Thursday, September 5, 2013

Maybe, it's what's on the outside that counts


Tuesday, I noted all of the things we can say “hello” to this fall. Sadly, there’s also a fall goodbye. It turns out “What Not to Wear” is ending its run. If I’m being honest I didn’t even know the show was still taping new shows. And yet somehow when I heard (via The Post) that it was going to be over I was a little sentimental…funny how that works.

If you’re not familiar with WNTW, it was sort of the first of the reality makeover shows. The focus is on clothing and guests who are the ultimate fashion don’ts come to NYC wearing their mom jeans, shoulder padded suits or rainbow awesomeness (above). Hosts Clinton Kelly (perhaps you know him from The Chew) and Stacy London then act as clothing tutors. There's a whole new wardrobe, hair and makeup and the teary reveal. But I’ve always felt it was about more than outfits.

The article I read described the final episode where guests would come back and discuss their lives since they left the show.  They’ve gotten the confidence to leave toxic relationships. They’ve lost a significant amount of weight. They’ve gotten jobs they never thought possible.”

I see this pattern everyday. Weight loss can sound like a fluffy topic. I don’t think I could get up everyday if my biggest accomplishment was helping someone lose a few pounds but there’s more to it. Making a change to our clothing or our weight seems superficial but is indicative of something more. When you decide to change habits or invest time and energy on yourself it’s not about aesthetics alone. Sometimes even when nutrition visits are vanity driven clients will start to derive pleasure from cooking or feel calmer and then parent differently. And yes, changes to your eating can lead to changes with work or relationships as mentioned above. So if it’s less daunting to address what you wear or what you weigh, start there…maybe your ‘insides” will follow.
Do you feel superficial changes can lead to deeper ones? Do you like “What Not to Wear”? Do you ever like the before or "don't" photos? I like rainbow lady, makes me smile.

7 comments:

  1. I remember before entering this field, always thought weight loss was superficial but during internship when counseling patients, realized how much weight loss affects overall mood and confidence. So rewarding to know you are not only improving health but also quality of life. so yes, strong believer that superficial chances can lead to deeper ones

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  2. I remember before entering this field always thought weight loss was superficial but during internship, counseled patients on weight loss and saw how much confidence they gained and how much their moods changed. So rewarding to know you are not only improving health but also quality of life. So yes, strong believer that superficial changes can lead to deeper ones :)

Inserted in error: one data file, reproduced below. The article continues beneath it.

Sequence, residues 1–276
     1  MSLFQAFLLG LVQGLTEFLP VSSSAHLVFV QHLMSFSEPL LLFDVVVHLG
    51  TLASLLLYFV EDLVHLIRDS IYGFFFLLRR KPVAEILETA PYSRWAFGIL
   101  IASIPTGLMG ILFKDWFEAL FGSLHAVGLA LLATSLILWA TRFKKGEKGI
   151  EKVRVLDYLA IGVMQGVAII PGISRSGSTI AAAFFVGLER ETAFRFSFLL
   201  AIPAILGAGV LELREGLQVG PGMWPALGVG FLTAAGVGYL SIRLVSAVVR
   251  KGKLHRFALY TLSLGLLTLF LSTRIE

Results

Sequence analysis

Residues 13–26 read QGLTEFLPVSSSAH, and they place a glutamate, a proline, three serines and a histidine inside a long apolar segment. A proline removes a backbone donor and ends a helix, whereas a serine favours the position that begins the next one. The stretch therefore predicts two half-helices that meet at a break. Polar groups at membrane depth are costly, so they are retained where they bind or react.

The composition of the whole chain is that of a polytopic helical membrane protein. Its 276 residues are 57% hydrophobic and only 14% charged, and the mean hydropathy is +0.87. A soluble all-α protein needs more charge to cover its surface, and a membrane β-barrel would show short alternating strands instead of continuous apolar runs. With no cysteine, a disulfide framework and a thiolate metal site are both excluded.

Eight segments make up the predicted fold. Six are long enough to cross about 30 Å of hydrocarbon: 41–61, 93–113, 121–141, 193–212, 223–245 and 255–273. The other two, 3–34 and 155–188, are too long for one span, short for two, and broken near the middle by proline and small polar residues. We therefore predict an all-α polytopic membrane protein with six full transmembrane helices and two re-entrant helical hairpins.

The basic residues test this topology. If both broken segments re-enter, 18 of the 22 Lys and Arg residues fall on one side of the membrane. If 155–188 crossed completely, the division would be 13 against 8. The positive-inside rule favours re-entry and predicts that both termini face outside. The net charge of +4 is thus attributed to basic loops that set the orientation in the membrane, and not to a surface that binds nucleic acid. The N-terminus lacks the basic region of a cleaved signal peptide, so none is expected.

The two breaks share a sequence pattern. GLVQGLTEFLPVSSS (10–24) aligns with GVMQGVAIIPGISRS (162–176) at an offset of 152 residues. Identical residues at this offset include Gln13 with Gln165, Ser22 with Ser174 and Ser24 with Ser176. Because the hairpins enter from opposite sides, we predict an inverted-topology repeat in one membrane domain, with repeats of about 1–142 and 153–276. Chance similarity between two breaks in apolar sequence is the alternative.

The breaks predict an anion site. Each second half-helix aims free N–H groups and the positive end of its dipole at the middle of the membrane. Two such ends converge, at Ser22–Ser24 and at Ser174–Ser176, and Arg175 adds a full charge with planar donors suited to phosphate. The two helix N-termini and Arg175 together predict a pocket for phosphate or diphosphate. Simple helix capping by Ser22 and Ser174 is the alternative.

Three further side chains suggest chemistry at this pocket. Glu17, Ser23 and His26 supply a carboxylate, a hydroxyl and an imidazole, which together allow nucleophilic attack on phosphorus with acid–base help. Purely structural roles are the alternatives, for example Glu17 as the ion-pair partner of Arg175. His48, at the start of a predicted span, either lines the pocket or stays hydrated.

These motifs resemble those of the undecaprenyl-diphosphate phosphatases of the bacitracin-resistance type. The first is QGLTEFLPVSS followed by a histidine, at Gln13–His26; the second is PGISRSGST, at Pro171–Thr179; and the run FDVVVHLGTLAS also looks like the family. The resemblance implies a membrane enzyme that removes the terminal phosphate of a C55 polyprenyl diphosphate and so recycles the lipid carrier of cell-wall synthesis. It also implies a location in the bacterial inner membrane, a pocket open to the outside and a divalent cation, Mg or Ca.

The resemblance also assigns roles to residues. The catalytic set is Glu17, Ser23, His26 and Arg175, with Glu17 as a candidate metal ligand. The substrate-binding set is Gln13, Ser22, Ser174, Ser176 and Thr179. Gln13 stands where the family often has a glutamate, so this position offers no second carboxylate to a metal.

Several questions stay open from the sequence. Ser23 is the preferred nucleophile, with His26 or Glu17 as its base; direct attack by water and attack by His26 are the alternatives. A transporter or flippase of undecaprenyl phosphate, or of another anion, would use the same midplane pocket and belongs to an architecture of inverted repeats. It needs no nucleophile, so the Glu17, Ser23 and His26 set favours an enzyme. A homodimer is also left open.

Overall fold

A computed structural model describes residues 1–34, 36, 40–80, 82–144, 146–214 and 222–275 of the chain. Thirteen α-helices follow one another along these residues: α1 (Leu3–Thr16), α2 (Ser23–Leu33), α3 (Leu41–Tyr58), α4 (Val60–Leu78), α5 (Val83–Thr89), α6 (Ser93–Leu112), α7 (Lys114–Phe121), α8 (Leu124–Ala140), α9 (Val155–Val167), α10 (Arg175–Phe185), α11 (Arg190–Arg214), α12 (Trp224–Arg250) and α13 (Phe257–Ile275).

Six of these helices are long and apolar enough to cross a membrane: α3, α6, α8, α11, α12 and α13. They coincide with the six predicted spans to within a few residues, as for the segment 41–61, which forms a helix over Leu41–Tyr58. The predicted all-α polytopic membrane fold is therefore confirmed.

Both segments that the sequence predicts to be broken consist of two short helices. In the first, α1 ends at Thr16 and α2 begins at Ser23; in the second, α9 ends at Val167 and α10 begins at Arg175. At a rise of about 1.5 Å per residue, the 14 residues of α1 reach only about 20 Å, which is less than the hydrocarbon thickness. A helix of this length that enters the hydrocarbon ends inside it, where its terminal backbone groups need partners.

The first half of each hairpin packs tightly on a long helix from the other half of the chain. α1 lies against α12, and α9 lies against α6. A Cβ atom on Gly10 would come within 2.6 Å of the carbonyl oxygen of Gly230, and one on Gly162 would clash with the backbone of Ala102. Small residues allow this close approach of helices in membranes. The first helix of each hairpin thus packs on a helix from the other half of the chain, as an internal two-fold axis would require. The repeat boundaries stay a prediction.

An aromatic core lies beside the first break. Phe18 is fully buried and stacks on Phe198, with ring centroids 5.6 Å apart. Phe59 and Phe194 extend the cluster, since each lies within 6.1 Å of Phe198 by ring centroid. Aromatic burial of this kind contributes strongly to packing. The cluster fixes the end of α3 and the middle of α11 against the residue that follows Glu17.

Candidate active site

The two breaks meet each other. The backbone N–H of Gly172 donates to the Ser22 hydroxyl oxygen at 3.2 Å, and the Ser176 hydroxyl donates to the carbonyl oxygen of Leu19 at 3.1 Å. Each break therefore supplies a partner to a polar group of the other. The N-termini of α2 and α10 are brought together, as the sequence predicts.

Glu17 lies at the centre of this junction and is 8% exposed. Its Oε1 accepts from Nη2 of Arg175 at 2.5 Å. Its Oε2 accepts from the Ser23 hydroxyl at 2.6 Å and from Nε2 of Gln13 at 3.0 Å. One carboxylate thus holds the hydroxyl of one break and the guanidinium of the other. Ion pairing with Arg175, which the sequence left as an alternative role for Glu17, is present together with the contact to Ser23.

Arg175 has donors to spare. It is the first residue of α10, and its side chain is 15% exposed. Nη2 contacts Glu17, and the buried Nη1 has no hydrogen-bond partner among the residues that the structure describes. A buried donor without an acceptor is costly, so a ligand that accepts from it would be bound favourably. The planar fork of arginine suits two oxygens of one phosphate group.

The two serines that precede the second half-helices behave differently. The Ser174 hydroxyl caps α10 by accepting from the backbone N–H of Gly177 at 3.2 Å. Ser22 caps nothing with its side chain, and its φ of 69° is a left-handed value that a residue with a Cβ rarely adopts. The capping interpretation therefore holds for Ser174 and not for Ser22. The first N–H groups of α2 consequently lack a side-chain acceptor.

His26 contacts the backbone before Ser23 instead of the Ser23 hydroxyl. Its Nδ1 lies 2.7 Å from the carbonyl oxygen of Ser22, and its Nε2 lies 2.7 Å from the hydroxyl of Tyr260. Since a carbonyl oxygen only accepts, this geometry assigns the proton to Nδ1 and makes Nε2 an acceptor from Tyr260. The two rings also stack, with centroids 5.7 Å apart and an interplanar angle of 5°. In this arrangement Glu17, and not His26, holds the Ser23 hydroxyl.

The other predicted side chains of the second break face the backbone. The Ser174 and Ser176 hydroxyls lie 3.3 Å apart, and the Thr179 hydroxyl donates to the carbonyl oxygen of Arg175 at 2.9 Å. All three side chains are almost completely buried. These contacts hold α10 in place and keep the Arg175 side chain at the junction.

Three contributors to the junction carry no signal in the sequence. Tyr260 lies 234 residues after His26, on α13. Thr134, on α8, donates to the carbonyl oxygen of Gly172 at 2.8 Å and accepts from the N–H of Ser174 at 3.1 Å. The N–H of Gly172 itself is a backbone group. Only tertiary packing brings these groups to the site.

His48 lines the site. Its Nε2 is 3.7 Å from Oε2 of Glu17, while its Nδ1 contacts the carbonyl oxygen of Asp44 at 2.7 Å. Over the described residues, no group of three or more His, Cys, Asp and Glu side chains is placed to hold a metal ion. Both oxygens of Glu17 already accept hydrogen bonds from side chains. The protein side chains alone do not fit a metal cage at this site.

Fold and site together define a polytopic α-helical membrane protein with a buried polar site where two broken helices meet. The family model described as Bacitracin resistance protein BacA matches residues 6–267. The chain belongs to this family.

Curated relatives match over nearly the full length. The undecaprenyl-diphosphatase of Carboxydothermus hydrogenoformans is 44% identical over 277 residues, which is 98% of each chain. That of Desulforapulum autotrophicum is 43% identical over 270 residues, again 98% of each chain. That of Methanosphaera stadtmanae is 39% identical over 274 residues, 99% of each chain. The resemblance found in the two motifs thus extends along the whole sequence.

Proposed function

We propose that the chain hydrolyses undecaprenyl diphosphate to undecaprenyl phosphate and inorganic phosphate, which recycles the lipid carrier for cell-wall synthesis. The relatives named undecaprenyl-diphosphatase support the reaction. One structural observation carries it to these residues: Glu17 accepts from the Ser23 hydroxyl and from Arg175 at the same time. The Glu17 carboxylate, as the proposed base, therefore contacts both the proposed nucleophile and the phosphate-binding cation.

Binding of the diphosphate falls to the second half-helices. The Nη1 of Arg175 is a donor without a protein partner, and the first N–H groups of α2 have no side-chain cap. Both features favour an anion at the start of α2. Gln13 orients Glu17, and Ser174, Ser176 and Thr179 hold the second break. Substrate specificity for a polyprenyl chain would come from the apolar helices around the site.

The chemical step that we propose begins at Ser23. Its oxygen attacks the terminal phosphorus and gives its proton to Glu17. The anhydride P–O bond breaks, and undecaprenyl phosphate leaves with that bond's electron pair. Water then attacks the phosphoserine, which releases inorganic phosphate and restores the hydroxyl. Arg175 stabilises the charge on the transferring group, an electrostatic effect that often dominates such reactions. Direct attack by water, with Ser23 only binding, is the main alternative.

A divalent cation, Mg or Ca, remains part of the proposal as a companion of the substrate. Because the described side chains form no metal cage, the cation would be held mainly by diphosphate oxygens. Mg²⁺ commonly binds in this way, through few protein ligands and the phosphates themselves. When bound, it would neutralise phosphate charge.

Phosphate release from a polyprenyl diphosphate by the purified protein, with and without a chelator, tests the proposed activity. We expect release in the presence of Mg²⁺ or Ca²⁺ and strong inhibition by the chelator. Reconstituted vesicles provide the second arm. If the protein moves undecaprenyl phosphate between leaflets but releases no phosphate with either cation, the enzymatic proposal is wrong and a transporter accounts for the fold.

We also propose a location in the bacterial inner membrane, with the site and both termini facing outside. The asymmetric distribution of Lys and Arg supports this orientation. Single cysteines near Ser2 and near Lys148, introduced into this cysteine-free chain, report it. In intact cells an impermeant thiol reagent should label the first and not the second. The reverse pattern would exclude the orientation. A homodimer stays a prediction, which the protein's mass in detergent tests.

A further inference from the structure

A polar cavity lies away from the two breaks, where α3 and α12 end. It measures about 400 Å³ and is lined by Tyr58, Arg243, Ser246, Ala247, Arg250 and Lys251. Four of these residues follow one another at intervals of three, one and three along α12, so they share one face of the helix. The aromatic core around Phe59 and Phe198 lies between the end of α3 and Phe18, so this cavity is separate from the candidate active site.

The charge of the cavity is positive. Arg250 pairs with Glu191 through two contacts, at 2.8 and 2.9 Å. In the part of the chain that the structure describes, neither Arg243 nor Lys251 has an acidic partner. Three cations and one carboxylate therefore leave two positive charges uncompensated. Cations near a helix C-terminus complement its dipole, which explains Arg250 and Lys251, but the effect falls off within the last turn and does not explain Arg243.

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  3. I definitely think superficial changes can lead to deeper ones. How we choose to present ourselves to the world says a lot about how we view ourselves—sometimes even more than we think we're saying. This may sound silly, but when I started actually doing my hair in the morning instead of the wash & go, I felt like I got treated better at work, which motivated me to keep giving it my all. Taking a little (hate to say it) pride in my appearance helped me do the same with my work. Being 4'11" and looking young doesn't suck, per se, but when I need to be taken seriously, I've learned that I can't do mad scientist hair and quirky outfits.

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  4. Yay, my blog likes you Jess, other comments haven't been showing up even though I was emailed them (ah technology). I totally agree and you bring up a good point not only are we affected by our weight/wardrobe but other are too. Amazing when I go into a shop in shorts and a t shirt versus work clothes. It shouldn't matter but does.

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  5. Andrea@WellnessNotesSeptember 6, 2013 at 1:01 PM

    I used to watch "What Not to Wear" all the time on Friday nights. I hadn't watched for several seasons and then heard that this was the last season, so I've been watching again! :)



    I absolutely think that changes on the outside can bring with them changes on the inside. I think often when people go through a difficult time, they stop caring how they look on the outside. And it all becomes a vicious cycle. Once they stop the cycle and take care of themselves again, they can change other things.

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  6. so true Andrea, starting with clothing can break that cycle. Maybe it doesn't matter which part you start with as long as you start...

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  7. I've never seen this show but I could use a few tips. I wear black all the time. I wonder what Stacy London would think of that?


    In any case, when I go to DryBar and cough up $35 to make my hair behave? I feel like a million bucks and my confidence soars.


    I think there is a whole lot to be said about superficial changes causing deeper once.

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